Monday, 8 October 2007

Waiting for Rupert

When is it okay not to turn up to an engagement you said you were going to turn up to?

When you’ve got typhoid.

Okay, just kidding, but really: here I sit, at 8pm, food drying out in the oven, expecting Rupert the mad artist to arrive ‘any time from 6.30pm onwards, for an early dinner’ – because although I do want to see him, and he’s been sending me sarcastic SMSs for the last fortnight about my inability to invite him around: I’m tired, it’s Monday, it’s cold, and what I really want to do is get into bed with a good book.

Yes, I should have been more specific. Telling a mad artist ‘any time’ gives him way too much licence. (There is an outside chance he’ll finally toodle in at midnight, I suppose.) But surely ‘early dinner’, unless you’re Italian and have slept all afternoon and habitually eat supper at midnight, says something?

While I’ve been waiting, doing the crossword and wishing ever more fervently that Rupert will do the ostensibly unforgivable and just not turn up at all, I’ve been thinking about another time my invited guests didn’t arrive. It was a birthday party – my 28th, I think – and I’d been typically Capetonian about the invitations.

Capetonians are notorious for saying ‘We must get together’ and never following through. When I first moved to Cape Town from Jozi over 20 years ago, this injured me. Don’t these people like me? I thought. Why say we’ll connect and then not do it?

But that’s just how Capetonians are. Which is probably why, after having lived in this province for over two decades, most of my friends aren’t born-and-bred Capetonians. They’re ex-Jozi, ex-Manchester, ex-Perth, ex-Mumbai, ex-Zim… except – tellingly – for Rupert.

Who’s illustrating, wonderfully, the Capetonian attitude to invitations and acceptance of same. So when I say I was ‘typically Capetonian’ about my birthday-party invitations all those years ago, what I did was call about 30 people and said, ‘Come round, if you feel like it, for dinner and stuff at my place on Friday, any time from 8-ish.’ And then was surprised when only three people actually arrived.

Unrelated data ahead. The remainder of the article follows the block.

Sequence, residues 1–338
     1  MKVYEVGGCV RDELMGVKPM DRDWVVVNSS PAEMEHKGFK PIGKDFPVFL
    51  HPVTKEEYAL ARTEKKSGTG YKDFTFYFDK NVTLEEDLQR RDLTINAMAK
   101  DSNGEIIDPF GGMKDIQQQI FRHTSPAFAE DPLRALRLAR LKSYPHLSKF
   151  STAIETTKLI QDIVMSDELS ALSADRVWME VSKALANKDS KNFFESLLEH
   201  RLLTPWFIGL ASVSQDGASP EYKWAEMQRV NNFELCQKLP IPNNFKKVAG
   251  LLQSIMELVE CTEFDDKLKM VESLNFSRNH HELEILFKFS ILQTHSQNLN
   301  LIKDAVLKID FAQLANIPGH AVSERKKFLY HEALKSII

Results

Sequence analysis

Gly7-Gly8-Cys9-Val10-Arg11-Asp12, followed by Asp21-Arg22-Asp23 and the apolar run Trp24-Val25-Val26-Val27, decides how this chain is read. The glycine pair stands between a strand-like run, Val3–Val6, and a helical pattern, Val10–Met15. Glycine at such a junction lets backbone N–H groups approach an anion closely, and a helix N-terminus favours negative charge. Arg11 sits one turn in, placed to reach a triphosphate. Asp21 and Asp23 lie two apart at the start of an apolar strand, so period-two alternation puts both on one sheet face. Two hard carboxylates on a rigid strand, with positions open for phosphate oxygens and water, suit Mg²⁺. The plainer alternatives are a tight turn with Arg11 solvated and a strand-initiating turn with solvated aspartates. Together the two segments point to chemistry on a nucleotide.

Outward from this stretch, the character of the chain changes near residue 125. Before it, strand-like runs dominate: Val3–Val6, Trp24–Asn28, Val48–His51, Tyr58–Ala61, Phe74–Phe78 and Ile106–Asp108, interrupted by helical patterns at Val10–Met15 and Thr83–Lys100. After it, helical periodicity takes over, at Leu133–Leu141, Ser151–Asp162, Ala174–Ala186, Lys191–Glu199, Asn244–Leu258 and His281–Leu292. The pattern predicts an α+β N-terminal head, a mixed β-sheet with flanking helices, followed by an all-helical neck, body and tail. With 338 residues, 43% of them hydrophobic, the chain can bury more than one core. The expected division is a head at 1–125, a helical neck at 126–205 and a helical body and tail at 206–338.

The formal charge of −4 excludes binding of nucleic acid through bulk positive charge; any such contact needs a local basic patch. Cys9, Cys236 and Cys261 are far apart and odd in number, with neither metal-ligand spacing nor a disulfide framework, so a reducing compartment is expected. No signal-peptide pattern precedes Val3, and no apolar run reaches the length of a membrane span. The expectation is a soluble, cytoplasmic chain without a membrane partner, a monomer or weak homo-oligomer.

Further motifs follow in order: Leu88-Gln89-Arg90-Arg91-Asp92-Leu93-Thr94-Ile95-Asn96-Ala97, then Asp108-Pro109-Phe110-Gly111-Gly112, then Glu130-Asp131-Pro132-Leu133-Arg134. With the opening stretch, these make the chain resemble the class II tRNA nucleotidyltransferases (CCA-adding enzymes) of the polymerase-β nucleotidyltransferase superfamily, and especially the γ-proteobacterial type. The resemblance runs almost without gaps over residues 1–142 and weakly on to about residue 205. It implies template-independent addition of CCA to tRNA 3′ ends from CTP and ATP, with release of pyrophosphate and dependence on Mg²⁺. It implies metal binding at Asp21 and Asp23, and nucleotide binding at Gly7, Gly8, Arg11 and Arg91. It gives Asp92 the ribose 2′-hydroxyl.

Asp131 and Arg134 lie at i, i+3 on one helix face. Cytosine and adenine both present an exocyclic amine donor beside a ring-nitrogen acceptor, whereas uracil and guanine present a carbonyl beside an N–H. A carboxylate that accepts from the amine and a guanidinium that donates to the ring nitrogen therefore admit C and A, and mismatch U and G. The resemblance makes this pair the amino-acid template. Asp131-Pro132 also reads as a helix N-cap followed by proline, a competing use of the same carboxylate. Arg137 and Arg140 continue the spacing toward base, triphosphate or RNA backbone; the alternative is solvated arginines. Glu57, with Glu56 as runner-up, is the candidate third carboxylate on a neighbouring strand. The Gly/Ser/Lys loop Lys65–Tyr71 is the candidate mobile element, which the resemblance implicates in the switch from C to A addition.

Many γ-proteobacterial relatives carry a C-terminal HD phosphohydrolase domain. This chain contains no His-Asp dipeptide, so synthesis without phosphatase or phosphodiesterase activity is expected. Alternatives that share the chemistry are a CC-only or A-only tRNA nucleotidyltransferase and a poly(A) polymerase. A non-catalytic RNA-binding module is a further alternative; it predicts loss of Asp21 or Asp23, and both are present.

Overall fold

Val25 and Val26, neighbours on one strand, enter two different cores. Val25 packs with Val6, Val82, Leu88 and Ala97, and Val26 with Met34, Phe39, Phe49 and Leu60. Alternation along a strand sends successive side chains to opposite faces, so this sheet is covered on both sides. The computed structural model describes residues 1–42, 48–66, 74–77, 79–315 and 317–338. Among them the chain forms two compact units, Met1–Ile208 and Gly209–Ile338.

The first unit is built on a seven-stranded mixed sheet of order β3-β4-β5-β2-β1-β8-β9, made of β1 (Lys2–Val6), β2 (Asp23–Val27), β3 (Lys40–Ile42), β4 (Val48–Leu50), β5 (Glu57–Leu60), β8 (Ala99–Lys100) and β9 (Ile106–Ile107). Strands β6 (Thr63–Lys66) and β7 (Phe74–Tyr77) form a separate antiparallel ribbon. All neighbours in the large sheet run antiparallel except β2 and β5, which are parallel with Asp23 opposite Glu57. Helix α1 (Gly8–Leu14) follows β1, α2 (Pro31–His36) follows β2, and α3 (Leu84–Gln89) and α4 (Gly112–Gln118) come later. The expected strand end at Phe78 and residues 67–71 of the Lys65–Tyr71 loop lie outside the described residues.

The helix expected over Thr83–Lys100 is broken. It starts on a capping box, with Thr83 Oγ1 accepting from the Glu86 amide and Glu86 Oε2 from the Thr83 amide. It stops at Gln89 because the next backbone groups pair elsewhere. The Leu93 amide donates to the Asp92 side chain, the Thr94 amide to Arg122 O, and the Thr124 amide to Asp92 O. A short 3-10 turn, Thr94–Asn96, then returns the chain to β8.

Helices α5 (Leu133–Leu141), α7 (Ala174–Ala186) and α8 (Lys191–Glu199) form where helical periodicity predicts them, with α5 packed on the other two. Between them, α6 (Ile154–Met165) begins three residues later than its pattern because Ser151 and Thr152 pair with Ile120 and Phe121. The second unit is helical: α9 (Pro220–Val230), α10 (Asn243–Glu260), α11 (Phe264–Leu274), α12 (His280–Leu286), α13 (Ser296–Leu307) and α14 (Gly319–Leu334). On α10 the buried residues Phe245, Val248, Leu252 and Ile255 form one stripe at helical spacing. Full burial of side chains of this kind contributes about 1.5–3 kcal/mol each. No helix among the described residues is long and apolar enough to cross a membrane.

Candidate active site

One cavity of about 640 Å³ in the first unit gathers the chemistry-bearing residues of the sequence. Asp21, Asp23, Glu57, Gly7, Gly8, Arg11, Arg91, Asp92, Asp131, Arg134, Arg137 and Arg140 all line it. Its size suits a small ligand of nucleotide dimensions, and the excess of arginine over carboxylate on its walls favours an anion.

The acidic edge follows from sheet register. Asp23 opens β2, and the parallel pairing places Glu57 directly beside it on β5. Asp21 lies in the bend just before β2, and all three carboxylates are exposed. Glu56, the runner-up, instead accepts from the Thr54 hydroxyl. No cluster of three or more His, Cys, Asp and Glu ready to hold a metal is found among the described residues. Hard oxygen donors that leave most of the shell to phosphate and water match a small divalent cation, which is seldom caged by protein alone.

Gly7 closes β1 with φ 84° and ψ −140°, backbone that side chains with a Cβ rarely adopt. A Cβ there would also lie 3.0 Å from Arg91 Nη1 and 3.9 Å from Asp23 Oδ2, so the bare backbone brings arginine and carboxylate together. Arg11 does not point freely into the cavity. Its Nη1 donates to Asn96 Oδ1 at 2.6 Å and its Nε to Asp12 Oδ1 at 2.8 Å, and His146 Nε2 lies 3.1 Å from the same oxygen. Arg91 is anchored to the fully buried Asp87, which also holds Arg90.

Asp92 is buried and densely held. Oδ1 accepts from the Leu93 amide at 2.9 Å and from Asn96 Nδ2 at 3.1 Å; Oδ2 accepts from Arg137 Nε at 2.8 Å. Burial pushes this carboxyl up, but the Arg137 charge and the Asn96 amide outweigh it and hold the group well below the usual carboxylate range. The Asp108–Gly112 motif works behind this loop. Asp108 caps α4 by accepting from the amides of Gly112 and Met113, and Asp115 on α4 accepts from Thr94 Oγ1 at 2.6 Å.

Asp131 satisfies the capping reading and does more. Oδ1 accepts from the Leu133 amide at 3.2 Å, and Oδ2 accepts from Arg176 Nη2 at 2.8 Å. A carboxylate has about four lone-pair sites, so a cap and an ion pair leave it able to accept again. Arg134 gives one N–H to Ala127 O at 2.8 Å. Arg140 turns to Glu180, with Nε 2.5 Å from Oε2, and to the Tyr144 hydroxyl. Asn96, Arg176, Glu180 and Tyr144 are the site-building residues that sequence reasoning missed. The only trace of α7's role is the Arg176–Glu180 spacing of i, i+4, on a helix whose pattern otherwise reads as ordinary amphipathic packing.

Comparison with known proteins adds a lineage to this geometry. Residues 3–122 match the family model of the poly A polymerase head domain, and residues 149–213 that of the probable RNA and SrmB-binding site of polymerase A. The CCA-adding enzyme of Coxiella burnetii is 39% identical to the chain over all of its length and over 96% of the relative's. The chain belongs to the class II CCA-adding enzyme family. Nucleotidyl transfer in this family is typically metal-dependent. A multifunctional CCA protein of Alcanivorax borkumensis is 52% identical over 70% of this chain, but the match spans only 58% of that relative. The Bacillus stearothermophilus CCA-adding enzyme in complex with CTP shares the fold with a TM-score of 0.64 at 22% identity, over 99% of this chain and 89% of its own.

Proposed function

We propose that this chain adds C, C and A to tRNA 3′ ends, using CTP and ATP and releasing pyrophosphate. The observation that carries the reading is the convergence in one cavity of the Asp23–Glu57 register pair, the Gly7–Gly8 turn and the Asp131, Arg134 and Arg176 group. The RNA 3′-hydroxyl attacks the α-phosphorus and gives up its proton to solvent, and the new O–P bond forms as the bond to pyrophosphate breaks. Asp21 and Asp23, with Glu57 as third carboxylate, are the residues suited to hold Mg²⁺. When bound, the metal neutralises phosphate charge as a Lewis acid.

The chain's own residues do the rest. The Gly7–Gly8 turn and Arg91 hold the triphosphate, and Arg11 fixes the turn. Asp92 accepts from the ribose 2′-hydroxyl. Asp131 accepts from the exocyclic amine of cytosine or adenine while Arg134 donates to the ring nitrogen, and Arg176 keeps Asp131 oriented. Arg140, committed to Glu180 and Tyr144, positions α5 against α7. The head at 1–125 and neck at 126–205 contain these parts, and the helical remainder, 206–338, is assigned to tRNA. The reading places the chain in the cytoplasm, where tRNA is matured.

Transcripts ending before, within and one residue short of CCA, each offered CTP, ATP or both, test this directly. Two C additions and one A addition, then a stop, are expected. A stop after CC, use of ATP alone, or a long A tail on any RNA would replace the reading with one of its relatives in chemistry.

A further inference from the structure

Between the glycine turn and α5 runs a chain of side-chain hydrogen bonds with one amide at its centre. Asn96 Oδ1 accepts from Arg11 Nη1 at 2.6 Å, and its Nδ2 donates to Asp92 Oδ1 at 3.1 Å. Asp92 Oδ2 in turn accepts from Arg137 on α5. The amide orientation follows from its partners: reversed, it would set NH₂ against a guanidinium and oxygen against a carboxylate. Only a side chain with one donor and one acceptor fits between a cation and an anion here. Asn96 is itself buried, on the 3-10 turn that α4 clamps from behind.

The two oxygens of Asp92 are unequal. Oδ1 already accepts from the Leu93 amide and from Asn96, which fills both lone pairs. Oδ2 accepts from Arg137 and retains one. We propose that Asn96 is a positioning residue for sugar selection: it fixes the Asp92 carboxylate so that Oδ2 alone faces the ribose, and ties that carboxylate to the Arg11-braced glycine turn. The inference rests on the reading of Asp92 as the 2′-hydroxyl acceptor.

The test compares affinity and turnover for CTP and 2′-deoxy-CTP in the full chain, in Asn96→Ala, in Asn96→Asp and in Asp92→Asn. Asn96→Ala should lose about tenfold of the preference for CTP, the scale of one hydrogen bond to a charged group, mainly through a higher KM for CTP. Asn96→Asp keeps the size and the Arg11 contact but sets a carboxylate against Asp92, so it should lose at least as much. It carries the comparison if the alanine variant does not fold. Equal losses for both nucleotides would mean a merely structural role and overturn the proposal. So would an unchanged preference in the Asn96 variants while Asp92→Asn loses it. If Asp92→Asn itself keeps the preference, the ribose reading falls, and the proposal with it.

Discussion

This would never happen in Jozi. Joburgers understand that when they’re invited somewhere, that’s where they’ll be. (Really, only typhoid will keep them away.) Capetonians, on the other hand, always have something else to do: get stoned, go surfing, take ecstasy and chill out on Lion’s Head, decide on a whim to go to Kathmandu.

For that birthday party, I cooked enough moussaka to feed the population of Hecallonica, cleared the living room of furniture and made five long-playing dance tapes (in the days when cassettes were king). Five invited Captonians phoned me from various callboxes (this time also pre-dated cellphones) on the TransKaroo railway line to tell me they’d decided on a whim to go the Rolling Stones concert in Jozi; another five phoned to say they were watching the sunset from Llandudno and – they were sure I understood – felt it would offend Mother Earth if they left.

God knows what happened to the rest, except for those few who actually did turn up, but who took one look at the almost-empty living room and, in time-honoured Capetonian tradition (social scaredy-cats, the lot of them), made their inadequate excuses before escaping what was clearly The Birthday Party From Hell.

Me, my friend Donald and two other hanger-on-ers (who, I must admit, I can’t even remember – I think they were neighbours I invited out of politeness) ate moussaka until we were fit to burst, danced to Kylie Minogue, and pretended we weren’t embarrassed at being the only people there. I still break out into a cold sweat every time I think about it.